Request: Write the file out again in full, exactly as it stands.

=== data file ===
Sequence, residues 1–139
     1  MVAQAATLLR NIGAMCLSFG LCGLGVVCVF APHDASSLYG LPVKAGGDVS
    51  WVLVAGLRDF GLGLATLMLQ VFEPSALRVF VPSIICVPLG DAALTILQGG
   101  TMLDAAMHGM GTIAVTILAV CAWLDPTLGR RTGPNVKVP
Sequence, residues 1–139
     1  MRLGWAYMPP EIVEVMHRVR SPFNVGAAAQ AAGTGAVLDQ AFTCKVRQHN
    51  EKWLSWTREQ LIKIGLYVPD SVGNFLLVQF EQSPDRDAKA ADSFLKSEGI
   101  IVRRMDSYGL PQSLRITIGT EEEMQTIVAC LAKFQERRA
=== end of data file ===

Sequence, residues 1–139
     1  MVAQAATLLR NIGAMCLSFG LCGLGVVCVF APHDASSLYG LPVKAGGDVS
    51  WVLVAGLRDF GLGLATLMLQ VFEPSALRVF VPSIICVPLG DAALTILQGG
   101  TMLDAAMHGM GTIAVTILAV CAWLDPTLGR RTGPNVKVP
Sequence, residues 1–139
     1  MRLGWAYMPP EIVEVMHRVR SPFNVGAAAQ AAGTGAVLDQ AFTCKVRQHN
    51  EKWLSWTREQ LIKIGLYVPD SVGNFLLVQF EQSPDRDAKA ADSFLKSEGI
   101  IVRRMDSYGL PQSLRITIGT EEEMQTIVAC LAKFQERRA